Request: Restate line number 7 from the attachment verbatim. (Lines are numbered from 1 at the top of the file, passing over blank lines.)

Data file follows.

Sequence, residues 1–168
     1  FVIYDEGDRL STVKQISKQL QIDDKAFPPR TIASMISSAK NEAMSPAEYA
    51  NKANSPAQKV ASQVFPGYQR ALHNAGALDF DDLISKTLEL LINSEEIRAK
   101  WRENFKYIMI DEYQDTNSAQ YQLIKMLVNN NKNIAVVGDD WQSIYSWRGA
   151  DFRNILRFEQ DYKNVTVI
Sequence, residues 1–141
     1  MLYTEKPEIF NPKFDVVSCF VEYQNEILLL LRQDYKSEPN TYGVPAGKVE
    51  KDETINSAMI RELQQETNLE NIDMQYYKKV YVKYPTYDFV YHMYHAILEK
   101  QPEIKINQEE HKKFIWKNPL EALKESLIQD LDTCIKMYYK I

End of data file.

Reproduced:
     1  MLYTEKPEIF NPKFDVVSCF VEYQNEILLL LRQDYKSEPN TYGVPAGKVE